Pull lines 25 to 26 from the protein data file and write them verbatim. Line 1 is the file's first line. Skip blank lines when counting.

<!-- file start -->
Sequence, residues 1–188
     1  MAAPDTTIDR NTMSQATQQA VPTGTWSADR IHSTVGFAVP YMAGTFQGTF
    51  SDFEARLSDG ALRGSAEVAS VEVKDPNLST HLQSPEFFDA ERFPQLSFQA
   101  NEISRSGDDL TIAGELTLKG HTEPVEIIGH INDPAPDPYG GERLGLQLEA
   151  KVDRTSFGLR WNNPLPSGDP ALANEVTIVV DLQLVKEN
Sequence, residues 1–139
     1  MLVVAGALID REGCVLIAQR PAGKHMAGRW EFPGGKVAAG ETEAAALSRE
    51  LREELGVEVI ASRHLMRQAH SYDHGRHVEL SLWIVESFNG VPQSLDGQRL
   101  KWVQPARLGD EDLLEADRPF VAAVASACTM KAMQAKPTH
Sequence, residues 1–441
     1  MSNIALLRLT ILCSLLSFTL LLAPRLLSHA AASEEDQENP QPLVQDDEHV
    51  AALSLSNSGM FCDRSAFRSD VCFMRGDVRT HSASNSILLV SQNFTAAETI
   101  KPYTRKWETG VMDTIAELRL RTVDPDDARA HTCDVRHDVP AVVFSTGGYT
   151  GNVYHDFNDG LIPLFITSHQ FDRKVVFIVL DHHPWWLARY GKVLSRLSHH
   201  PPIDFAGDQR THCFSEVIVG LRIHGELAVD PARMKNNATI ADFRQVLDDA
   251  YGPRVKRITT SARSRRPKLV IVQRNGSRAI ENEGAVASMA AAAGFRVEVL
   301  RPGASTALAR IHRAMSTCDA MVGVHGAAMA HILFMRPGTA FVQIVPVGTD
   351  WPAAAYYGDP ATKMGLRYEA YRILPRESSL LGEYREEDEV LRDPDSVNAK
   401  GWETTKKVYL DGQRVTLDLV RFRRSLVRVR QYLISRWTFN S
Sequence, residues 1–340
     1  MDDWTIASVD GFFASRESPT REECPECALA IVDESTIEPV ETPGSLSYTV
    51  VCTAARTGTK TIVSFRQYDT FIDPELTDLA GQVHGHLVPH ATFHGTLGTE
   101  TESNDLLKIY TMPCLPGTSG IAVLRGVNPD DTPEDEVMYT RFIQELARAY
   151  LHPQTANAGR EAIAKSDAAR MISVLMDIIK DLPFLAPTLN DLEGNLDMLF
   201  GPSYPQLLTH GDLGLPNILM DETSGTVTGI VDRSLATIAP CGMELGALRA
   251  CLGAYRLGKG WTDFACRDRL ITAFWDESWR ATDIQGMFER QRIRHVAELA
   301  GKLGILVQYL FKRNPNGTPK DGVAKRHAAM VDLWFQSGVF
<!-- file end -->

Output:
   201  GPSYPQLLTH GDLGLPNILM DETSGTVTGI VDRSLATIAP CGMELGALRA
   251  CLGAYRLGKG WTDFACRDRL ITAFWDESWR ATDIQGMFER QRIRHVAELA